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Saskatchewan visit to Te Kotahitanga - 3rd-14th November 2013

22 November 2013

Members from the Te Kotahitanga team, schools and the New Zealand Ministry of Education hosted educators from Saskatchewan, Canada as part of a Te Kotahitanga knowledge exchange. Fourteen educationalists made the exchange, some of whom were Ministry of Education officials and other eucators from across the province. Amongst the visitors were representatives of the First Nation and Metis peoples.

The visit provided an eleven day experience, that included traveling the central North Island to visit seven Te Kotahitanga schools. School visits began with visits to Napier Boys’ High School and William Colenso College. The visitors were greeted warmly and shown the work that goes into the implementation of Te Kotahitanga. From Napier the group moved onto Wairoa College to have conversations with staff and students. Travelling through to Gisborne Girls’ High School the group enjoyed a day observing in classes and meeting the facilitation team. That evening the group were hosted by Bubbles Reedy and whānau from Lytton High at a local restaurant.

What better place to spend the weekend than in the tourism capital of New Zealand, Rotorua.  Mitai Māori Village offered the visitors from Saskatchewan an authentic Maori experience, showing them a glimpse into te ao Māori and the traditions and customs that go hand in hand. The group was enthralled by the activities, the kapa haka performances and the food, a traditional hangi.

Monday bought more observations and facilitation meetings at Rotorua Boys’ High School where they were again well looked after by the principal, staff, students and family members. The journey was then across to Taupo-nui-a-Tia College where again a great opportunity was provided to see how another Te Kotahitanga School used the Te Kotahitanga relational and cultural pedagogies to engage with their Māori students and make connections to the land and with local iwi.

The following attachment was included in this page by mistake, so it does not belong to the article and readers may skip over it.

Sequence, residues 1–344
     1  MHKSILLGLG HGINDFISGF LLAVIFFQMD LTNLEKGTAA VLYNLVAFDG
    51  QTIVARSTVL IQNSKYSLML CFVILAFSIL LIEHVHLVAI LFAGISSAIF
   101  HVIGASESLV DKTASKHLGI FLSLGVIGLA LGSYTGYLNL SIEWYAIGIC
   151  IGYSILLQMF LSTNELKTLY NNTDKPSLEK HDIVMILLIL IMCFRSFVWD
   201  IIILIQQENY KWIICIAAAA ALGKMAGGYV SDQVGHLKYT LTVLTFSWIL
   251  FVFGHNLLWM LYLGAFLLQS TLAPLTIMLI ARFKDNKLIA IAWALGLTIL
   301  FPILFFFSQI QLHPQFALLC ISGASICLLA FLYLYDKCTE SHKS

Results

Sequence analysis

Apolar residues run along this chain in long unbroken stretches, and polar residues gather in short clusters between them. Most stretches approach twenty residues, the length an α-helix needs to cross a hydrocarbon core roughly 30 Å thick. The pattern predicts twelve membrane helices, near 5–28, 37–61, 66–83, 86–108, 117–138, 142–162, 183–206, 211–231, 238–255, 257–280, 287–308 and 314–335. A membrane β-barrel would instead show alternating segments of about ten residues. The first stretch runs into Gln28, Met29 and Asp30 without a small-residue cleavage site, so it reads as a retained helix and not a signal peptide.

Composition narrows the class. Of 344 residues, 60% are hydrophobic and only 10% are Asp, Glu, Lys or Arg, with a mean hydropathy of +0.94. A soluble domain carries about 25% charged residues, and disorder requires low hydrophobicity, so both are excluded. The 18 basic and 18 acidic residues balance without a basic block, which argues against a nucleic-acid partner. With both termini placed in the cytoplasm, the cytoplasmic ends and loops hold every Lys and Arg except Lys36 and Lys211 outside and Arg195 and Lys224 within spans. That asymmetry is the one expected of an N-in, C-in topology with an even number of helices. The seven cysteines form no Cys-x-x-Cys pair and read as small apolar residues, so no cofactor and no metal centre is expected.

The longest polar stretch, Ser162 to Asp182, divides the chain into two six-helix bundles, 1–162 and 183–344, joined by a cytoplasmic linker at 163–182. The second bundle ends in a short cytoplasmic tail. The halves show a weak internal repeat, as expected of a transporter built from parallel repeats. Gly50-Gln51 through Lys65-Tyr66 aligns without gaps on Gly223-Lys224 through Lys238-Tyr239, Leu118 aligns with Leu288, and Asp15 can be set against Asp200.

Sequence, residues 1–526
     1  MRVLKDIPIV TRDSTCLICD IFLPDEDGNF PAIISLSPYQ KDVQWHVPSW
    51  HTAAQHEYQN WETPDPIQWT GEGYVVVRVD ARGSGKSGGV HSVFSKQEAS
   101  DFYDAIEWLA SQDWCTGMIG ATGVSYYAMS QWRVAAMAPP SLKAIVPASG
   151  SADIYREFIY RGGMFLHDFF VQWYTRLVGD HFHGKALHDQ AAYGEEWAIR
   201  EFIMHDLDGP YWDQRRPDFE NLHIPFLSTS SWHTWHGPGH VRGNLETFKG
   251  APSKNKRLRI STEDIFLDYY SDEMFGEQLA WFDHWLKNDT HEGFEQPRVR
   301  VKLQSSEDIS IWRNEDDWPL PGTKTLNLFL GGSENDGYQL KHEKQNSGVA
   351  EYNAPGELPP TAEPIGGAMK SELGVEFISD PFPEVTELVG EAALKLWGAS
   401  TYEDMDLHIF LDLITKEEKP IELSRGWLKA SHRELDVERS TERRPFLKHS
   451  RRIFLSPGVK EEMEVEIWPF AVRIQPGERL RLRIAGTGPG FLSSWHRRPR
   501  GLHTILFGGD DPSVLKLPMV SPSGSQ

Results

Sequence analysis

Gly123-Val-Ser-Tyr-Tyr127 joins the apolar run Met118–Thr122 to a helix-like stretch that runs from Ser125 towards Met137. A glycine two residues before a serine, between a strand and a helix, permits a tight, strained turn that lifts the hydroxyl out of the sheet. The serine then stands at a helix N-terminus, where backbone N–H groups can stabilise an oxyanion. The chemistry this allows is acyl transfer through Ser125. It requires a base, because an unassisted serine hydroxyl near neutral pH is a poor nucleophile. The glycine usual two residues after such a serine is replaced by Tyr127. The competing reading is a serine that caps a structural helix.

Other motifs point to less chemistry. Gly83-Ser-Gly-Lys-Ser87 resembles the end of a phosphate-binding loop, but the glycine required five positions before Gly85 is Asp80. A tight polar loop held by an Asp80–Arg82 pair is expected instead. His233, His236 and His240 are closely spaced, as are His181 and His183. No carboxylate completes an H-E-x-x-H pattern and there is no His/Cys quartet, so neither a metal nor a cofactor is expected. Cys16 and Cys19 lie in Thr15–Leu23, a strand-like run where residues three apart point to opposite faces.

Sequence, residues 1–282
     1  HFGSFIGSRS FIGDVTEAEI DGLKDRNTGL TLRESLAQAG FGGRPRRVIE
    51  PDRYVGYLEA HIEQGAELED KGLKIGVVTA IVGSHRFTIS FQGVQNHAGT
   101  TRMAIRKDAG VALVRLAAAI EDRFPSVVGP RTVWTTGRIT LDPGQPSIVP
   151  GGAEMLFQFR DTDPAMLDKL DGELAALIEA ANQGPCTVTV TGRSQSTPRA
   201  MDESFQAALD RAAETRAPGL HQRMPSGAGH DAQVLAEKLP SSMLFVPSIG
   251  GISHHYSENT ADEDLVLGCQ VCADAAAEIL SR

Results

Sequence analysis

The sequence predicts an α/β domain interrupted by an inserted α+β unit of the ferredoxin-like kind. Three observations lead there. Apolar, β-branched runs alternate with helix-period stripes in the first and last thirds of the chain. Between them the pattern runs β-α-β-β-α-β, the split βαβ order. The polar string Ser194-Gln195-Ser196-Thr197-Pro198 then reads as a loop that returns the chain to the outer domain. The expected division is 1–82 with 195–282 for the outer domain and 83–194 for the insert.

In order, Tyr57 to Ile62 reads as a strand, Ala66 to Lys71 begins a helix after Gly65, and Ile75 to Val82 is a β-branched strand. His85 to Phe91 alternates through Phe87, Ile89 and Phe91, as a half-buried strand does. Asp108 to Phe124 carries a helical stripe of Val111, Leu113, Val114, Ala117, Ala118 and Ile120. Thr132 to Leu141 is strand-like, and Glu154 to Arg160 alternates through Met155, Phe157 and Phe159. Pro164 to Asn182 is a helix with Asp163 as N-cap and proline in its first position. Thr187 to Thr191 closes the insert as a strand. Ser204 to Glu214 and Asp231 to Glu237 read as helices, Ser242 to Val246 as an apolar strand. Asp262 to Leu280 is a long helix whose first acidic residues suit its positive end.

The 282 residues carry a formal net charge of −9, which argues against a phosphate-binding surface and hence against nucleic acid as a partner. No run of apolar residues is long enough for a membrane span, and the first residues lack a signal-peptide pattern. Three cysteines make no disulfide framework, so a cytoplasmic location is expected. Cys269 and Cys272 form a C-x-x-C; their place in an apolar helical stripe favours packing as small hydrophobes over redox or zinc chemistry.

The group was then invited to the Te Kotahitanga Hui Whakanukunuku which took place at the Waikato-Tainui Research and Development College. Here, they again experienced the Te Kotahitanga foundations, they got to listen to Te Kotahitanga School Principals speaking about their experiences of leading a Te Kotahitanga School and they got to hear an analysis of Te Kotahitanga over time from Chief Education Advisor to the Ministry, Dr Adrienne Alton-Lee. Here they heard about the changes, improvements and milestones that these schools have made due to their implementation of the Te Kotahitanga principles and practices. They also got to hear the most recent, preliminary analysis from Phase 5 schools.

We do hope that they have taken with them some knowledge that may help them improve their educational outcomes for their own indigenous students. They have seen at first-hand the shifts and remarkable outcomes that have come out of the Te Kotahitanga Phase 5 Schools and as a result we hope that we have helped in their pursuit of the advancement of indigenous learners to learn within their own relational and culturally responsive contexts in schools.

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